Don’t Let a Lack of Gear Keep You From Enjoying The Maine Woods

A new breed of libraries is making the great outdoors even more accessible to Mainers.

Maine GearShare library in Brunswick, Maine
Maine GearShare is packed to the rafters with outdoorsy supplies, including hiking boots, self-inflating mattresses, and sleeping bags belayed to the ceiling framing.
By Nora Saks
Photos by Mat Trogner
From our May 2024 issue

Three years ago, Josh Bossin was leading a backpacking trip for students from Vermont’s Sterling College when he noticed one of them could barely walk. She had borrowed her mom’s old, ill-fitting boots, and when she took them off, “it was worse than I imagined,” Bossin recalls. “Blisters rubbed raw, blood, the whole thing.” The student managed to finish the hike, but “that experience affirmed her opinion that this wasn’t something she wanted to do,” Bossin says.

As an outdoor educator and guide, Bossin has seen, time and again, how having the right equipment, or not, can make or break a person’s experience on a hiking trail or at a campsite. “Then, there are the people we don’t see because they don’t come,” he says. “They look at the activity and decide the gear is too much of a barrier.” Bossin realized he could help more people enjoy the outdoors if he could hook them up with comfortable, good-quality apparel and equipment. He started a student-run gear-rental and -repair service at Sterling, which caught the attention of trip-leading organizations, funders, and outdoor brands in Maine that were trying to expand access to the state’s mountains, lakes, and coastline through a system of shared sports paraphernalia. In 2023, they tapped him to lead Maine GearShare, in Brunswick.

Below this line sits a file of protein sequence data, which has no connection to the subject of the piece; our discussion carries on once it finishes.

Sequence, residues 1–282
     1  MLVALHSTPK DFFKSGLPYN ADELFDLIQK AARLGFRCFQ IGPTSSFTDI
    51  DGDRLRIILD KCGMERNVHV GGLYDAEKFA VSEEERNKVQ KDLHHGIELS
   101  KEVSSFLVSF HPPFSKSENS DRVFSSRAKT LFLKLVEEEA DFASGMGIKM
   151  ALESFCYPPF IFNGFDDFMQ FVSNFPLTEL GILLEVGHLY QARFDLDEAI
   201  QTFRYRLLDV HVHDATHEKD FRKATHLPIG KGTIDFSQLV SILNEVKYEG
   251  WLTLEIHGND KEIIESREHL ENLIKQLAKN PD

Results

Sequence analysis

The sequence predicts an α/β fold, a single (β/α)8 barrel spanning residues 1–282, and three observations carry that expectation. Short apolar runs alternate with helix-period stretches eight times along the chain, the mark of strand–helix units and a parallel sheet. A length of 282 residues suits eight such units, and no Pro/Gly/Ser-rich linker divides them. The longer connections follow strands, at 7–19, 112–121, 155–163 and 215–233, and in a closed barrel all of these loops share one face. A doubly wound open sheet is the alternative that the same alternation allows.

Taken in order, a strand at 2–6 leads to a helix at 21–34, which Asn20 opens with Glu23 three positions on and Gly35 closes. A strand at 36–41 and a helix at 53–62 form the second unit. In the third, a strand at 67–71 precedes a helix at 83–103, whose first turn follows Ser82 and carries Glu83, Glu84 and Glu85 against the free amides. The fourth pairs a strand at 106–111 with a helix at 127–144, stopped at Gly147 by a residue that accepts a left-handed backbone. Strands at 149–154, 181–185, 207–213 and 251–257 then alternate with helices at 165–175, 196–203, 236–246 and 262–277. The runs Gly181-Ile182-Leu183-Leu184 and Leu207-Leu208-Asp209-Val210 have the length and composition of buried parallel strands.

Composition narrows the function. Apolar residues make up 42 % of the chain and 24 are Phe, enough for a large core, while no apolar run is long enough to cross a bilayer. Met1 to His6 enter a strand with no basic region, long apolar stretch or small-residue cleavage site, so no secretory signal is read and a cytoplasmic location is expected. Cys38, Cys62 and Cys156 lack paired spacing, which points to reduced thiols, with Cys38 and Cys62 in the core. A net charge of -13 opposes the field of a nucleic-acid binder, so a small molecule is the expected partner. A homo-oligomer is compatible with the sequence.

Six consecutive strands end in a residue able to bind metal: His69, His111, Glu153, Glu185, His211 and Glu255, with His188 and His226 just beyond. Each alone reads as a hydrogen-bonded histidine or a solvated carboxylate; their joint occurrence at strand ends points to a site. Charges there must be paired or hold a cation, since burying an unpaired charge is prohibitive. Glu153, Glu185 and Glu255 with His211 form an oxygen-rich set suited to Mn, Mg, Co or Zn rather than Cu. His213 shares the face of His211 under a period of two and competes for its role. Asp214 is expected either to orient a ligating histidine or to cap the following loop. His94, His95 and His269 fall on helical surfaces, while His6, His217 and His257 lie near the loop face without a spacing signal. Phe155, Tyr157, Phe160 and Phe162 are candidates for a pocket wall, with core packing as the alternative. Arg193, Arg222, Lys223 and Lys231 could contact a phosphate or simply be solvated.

The nonprofit is one of several gear-lending libraries across the state, where individuals and groups can borrow or rent backpacks, tents, outerwear, hiking boots, snowshoes, and more, rather than front big bucks to buy them. Skowhegan Outdoors loans clothing and equipment to Somerset County residents for free, and also runs summer camps and rec clinics. Katahdin Gear Library, founded by the Millinocket Memorial Library (a conventional lender of books), rents out equipment like mountain bikes, kayaks, canoes, and cross-country skis. And Portland’s Kindling Collective, which hosts outdoor excursions and workshops for queer people and people of color, opened last year with a gear library too.

Among the growing number of these outdoorsy lending institutions, Maine GearShare stands out for the sheer volume of its inventory. Neat rows of freshly laundered sleeping bags, ultralight backpacks, and puffy jackets, stacks of self-inflating mattresses, and bins stuffed with fleeces and base layers fill a timber-frame, woodstove-heated warehouse with a shop dog named Topper. Certain nonprofit, school, and community groups can outfit groups over the course of a year for a discounted annual fee. Individuals pay a daily rate that ranges from $1 for a pair of hiking socks to $20 for a five-person tent. Bossin and his team can also repair seams, zippers, fasteners, and holes on customers’ personal gear, plus restring tent poles.

Bossin estimates the library can fully equip up to 125 people for hiking and camping trips at any one time. And not in somebody’s smelly, beat-up hand-me-downs. All the items he stocks are new or gently used, so borrowers don’t get stuck with broken zippers or mildewy sleeping bags. (After a year in rotation, items head to a consignment shop.) “The best outdoor gear is invisible,” Bossin says. “If it’s doing its job, you won’t be talking or thinking about it; you’ll be focusing on the experience.”

May 2024, Down East Magazine

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